OECD Predicts Asian Economy Slows for Next Five Years
The world economy is projected to grow by a decade-low 2.9 percent this year and 2020 - Photo: Special

JAKARTA (TheInsiderStories) – Organization for Economic Co-operation and Development (OECD) estimated Asian economy will experience a slowdown in the next five years. This was influenced by the slowing down of the global trade due to the tariff war.

Head of Asia Desk OECD’ Development Center, Kensuke Tanaka explained, in the period 2019-2023, the average of economic growth in Asia only grow 6.1 percent, slower than the previous period in 2012-2016, which grew 6.8 percent.

This was influenced by the slowing economic growth of two major Asian countries, such as China and Singapore, which will experience a slowdown in growth to 5.9 percent and 2.7 percent respectively, from 7.3 percent and 3.5 percent.

Even so, he said, high growth still be experienced by India, wherein the period 2019-2023 is predicted to growth 7.3 percent, faster than the previous five-years average growth at 6.9 percent.

“Domestic demand is expected to continue, especially household expenditure. However, trade faces excessive uncertainty due to the widespread tariff war,” he said in Jakarta last week.

However, he revealed, the slowdown in growth would not occur the Southeast Asian countries (ASEAN) countries. According to him, in the 2019-2023 period, the OECD estimated that ASEAN economic growth would be in the range of 5.2 percent, faster than the 2012-2016 period which was 5.1 percent.

Thailand and Vietnam, it is estimated, will still experience significant growth, with each growing 3.7 percent and 6.5 percent, faster than the previous period of 3.4 percent and 5.9 percent.

Meanwhile, Indonesia and the Philippines growth are in stagnation level. Each growth is expected in the range of 5.3 percent and 6.6 percent. Then Malaysia slowing down to 4.6 percent from the previous period capable of growing 5.1 percent.

“Most monetary authorities in the region have raised their benchmark interest rates to offset monetary normalization policies in developed economies. However, the policy was balanced with liquidity easing policies to encourage growth. The region’ fiscal position is also maintained stable,” he added.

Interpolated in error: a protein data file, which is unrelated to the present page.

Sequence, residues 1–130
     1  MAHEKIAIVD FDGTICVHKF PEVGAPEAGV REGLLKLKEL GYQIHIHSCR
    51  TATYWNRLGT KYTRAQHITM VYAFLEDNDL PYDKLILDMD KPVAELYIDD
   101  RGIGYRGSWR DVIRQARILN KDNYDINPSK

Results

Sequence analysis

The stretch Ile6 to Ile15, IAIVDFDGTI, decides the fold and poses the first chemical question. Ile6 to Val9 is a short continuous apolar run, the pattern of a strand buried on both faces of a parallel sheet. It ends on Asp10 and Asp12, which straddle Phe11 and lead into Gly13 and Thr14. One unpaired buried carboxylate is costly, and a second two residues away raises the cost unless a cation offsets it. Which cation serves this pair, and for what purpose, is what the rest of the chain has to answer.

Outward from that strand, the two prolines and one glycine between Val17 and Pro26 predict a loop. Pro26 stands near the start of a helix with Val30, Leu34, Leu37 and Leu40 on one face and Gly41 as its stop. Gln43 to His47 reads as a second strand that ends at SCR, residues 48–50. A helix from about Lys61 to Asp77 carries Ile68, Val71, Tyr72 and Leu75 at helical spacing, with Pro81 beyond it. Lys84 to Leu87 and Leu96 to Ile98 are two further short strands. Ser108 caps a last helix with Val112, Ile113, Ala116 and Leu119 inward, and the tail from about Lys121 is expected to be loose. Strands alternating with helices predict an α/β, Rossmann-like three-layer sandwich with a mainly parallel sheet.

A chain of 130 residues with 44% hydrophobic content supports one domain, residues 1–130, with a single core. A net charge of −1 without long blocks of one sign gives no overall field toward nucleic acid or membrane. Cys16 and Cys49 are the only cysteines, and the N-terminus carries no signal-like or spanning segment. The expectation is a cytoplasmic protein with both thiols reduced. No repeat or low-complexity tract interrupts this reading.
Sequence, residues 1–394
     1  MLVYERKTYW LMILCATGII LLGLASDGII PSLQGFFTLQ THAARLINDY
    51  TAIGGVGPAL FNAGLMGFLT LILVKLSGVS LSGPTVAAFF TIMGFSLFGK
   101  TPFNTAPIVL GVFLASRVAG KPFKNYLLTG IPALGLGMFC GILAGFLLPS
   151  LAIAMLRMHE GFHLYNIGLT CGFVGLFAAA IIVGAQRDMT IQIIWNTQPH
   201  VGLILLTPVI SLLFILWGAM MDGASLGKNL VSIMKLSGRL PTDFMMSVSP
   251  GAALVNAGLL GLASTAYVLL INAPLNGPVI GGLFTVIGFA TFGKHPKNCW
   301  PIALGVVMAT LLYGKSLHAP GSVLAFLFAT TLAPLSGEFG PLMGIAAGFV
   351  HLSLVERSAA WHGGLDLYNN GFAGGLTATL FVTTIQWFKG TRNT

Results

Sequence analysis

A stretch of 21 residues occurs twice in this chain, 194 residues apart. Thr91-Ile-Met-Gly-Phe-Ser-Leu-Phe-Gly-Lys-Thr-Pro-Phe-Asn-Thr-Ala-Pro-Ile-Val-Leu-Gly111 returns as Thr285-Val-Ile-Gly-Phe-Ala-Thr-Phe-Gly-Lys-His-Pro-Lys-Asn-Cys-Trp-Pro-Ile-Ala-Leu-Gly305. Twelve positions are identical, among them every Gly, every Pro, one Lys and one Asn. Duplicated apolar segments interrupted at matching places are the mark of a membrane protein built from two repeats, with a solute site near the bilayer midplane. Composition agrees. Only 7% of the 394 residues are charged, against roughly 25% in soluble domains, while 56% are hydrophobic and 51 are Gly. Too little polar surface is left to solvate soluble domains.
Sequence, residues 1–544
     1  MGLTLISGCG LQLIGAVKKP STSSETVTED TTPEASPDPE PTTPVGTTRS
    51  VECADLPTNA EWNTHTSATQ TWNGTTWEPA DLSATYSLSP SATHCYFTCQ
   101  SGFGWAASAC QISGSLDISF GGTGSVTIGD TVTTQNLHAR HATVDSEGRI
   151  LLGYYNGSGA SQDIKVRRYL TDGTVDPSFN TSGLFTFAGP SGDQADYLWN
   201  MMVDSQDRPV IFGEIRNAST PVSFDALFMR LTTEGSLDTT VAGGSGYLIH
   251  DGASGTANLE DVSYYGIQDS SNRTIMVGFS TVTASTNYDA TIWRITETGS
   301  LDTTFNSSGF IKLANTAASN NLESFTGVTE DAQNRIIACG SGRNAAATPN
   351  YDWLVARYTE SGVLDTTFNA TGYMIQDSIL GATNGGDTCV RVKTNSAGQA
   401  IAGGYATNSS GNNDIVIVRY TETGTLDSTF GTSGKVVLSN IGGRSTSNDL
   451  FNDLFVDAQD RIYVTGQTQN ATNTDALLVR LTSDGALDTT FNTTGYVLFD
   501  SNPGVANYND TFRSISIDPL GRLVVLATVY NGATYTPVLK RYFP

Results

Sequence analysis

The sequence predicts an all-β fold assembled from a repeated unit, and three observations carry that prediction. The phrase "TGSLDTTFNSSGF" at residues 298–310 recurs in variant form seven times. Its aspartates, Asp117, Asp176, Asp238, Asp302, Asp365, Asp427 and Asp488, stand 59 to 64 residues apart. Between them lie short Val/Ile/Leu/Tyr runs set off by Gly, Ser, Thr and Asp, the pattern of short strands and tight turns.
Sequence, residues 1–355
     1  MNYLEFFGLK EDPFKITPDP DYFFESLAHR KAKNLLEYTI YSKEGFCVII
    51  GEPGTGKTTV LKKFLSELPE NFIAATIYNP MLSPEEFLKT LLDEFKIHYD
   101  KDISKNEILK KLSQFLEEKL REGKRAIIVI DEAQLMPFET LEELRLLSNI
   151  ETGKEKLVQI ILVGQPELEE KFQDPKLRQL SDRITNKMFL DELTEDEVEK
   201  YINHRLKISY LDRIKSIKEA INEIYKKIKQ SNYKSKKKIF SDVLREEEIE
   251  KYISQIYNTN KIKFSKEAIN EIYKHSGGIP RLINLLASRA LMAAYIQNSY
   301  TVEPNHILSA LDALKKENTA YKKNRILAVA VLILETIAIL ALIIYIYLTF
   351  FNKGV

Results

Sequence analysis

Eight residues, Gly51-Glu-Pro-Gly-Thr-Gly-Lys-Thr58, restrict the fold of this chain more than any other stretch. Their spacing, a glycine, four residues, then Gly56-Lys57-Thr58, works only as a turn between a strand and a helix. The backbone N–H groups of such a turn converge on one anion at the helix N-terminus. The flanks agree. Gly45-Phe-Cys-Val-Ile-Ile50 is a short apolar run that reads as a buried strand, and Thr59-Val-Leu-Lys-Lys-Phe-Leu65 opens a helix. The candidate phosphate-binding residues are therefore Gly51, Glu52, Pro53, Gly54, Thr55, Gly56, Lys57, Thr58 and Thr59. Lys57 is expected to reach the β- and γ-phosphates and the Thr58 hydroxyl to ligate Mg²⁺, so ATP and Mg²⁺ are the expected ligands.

The stagnation of Indonesia’ economic growth was highlighted by Universitas Indonesia economist Febrio Kacaribu. Cause, he rated, the country still adheres to a closed economy.

As a result, the Rupiah rate and the current account deficit (CAD) are not stable. Even though the economy is more open, the more our economy is stable, he said on the same occasion.

He explained Indonesia’ gross domestic product (GDP) per capita in 2018 was Rp14,837.4 trillion (US$1.05 billion), based on World Bank data. This value shows Indonesia as the country with the largest economy in Southeast Asia.

When compared with Thailand, the elephant country’ GDP is only 40 percent of Indonesia’ GDP. Even with Singapore, Malaysia, and the Philippines which have nominal GDP lower than Indonesia, he added.

He said, with the largest economic size in ASEAN, Indonesia’ openness was only 40 percent. While Malaysia reached 136 percent, Thailand 123 percent and Vietnam 200 percent.

As a result, the Rupiah exchange rate is more volatile compared to the three countries. Also, the current account in Indonesia is also unstable compared to Malaysia and Thailand which show a surplus trend.

Economic openness is the ratio of trade to GDP. Kacaribu explained that to improve economic openness, Indonesia needs to increase foreign direct investment (FDI). He stated: “When a lot of investment we will have a lot of production.”

Unfortunately at present Indonesia is also not friendly to foreign investment. He gave an estimate of $100 million, only $5 million in foreign investment. This certainly affects the velocity of money.

The smaller the capital or investment that enters the turnaround gets smaller and the market becomes thinner. Nevertheless, Kacaribu noted, Indonesia must be able to attract export-oriented investments so that it is no longer missed and even exacerbates imports.

In addition to FDI, investments that enter Indonesia are in the short term, portfolio investment. Oftentimes, portfolio investment is blamed as the cause of CAD and Rupiah pressure because of its rapid movements.

To deal with this, he added, Indonesia does not even close itself from portfolio investment. The existence of portfolio investment is very important in the financial market if this is prevented from FDI it can be weak. “Because they need investment facilities in the financial market. So we have to open it too,” he added.

It’s just that, there needs to be an effort to restrain the pace of portfolio investment out. One of them is the reverse Tobin tax, which is currently still being reviewed by the government. So when developed countries like the United States offer higher interest rates, portfolio fund owners don’t immediately withdraw their funds, he concluded.

Written by Lexy Nantu, Email: lexy@theinsiderstories.com